US hacked China and HK 'since 2009'
FRESH revelations by former Central Intelligence Agency employee Edward Snowden have raised concerns that the United States' National Security Agency (NSA) may have hacked into Hong Kong's key Internet exchange, which handles nearly all the territory's domestic Web traffic.
In an interview with Hong Kong's South China Morning Post newspaper that was published yesterday, Mr Snowden said the NSA had been hacking computers in Hong Kong and China since 2009.
Among the institutions hacked, he said, was the Chinese University of Hong Kong, which houses the Hong Kong Internet Exchange.
Mr Snowden did not mention the exchange, but his comments have raised concerns that it may have been one of the NSA's targets.
The Hong Kong Internet Exchange is one of dozens of Internet Exchange Points around the globe handling domestic traffic between local service providers and some regional traffic.
The university said in a statement that it closely monitored the exchange and had not detected any form of hacking to the network.
Some security experts said that gaining undetected and continuous access to the exchange and placing eavesdropping software or hardware would be hard.
After talking to administrators at the exchange, Mr Charles Mok, a Legislative Council member and IT specialist, said that any large-scale eavesdropping would have been noticed.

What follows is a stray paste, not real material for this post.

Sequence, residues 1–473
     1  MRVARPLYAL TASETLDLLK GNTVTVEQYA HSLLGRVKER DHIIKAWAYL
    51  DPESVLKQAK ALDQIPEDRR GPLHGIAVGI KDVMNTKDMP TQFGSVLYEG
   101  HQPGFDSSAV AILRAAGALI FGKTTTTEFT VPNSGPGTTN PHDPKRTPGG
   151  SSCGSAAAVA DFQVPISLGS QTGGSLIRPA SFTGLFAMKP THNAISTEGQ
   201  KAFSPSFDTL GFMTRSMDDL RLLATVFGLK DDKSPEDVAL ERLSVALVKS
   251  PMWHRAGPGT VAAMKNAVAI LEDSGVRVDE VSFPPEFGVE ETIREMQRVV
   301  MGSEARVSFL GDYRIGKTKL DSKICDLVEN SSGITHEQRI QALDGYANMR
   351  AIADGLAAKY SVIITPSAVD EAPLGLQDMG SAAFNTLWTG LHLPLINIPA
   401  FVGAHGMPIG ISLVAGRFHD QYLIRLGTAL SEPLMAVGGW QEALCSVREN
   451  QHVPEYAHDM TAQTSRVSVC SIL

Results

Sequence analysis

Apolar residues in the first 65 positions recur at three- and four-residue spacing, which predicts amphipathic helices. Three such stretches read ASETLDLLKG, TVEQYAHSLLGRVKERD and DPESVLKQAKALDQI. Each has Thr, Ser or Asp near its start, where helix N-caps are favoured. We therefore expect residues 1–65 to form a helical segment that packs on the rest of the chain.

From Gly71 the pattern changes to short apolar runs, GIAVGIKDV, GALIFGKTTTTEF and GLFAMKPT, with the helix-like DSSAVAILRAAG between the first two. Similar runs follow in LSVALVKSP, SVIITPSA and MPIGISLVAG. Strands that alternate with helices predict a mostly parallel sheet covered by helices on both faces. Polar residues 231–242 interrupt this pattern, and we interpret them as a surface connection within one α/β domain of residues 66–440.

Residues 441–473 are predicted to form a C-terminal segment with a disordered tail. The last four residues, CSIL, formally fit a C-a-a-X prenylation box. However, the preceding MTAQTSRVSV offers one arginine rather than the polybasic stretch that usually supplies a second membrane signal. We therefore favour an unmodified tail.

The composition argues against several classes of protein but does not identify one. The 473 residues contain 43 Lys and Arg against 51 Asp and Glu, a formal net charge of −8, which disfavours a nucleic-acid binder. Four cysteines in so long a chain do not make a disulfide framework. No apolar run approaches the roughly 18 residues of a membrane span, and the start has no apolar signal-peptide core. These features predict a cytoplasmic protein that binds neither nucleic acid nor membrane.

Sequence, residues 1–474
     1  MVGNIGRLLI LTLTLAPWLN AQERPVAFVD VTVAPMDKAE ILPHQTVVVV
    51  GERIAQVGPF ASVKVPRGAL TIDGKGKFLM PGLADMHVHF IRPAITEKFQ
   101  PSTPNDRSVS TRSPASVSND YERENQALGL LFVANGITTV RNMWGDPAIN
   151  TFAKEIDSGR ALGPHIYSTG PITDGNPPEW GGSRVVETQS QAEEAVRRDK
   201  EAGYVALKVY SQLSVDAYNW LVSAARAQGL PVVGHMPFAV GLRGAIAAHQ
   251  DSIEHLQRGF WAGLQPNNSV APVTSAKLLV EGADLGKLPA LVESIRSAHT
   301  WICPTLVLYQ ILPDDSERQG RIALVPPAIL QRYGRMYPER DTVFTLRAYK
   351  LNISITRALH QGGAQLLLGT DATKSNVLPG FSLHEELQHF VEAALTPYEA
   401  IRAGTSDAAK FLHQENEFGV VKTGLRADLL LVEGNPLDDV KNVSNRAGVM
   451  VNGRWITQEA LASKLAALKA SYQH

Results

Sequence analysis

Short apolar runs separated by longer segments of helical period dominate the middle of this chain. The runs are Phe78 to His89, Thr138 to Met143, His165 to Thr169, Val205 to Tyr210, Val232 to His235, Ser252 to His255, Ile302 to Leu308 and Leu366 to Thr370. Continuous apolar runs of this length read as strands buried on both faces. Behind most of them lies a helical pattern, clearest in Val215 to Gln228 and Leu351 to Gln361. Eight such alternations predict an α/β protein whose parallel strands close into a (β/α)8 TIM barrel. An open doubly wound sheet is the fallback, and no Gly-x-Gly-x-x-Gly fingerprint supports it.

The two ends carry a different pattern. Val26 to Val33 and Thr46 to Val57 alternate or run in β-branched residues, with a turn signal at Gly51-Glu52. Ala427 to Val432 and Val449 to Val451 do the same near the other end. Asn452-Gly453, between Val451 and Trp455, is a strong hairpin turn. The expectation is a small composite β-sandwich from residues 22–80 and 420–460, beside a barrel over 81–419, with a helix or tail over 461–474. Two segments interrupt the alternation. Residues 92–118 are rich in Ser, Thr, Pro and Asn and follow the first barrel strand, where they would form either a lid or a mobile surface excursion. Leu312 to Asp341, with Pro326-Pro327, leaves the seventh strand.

"Certainly, they haven't noticed anything," he said. "If it's very advanced, fine, but they can't be copying everything over. It would have been noticed and targeted."
Mr Snowden's allegations have, until now, largely focused on the extent to which the NSA was eavesdropping on US citizens.
His most recent comments about China and Hong Kong - where he is believed to be in hiding - draw attention to NSA's role in conducting surveillance of foreign territories.
He was quoted as saying he believed that the NSA had conducted more than 61,000 hacking operations globally.
The Post quoted him as saying: "We hack network backbones - like huge Internet routers, basically - that give us access to the communications of hundreds of thousands of computers without having to hack every single one."
The Post interview, which is believed to have been conducted at Mr Snowden's behest, bore the marks of a canny step to win sympathy in Hong Hong.
Mr Chow Chung Yan, the paper's news editor, said: "He talked about coming to Hong Kong not to hide, but to reveal information, so I think he really wanted to reach out to the public and that is probably why he chose us."
At least 14 Hong Kong civic groups are planning a protest against any US efforts to extradite Mr Snowden.
But Hong Kong has an extradition agreement with the US, and he may have breached the city's laws if he had been passing on secrets since his arrival, according to Dr Simon Young, a law professor at the University of Hong Kong.
AP, BLOOMBERG, REUTERS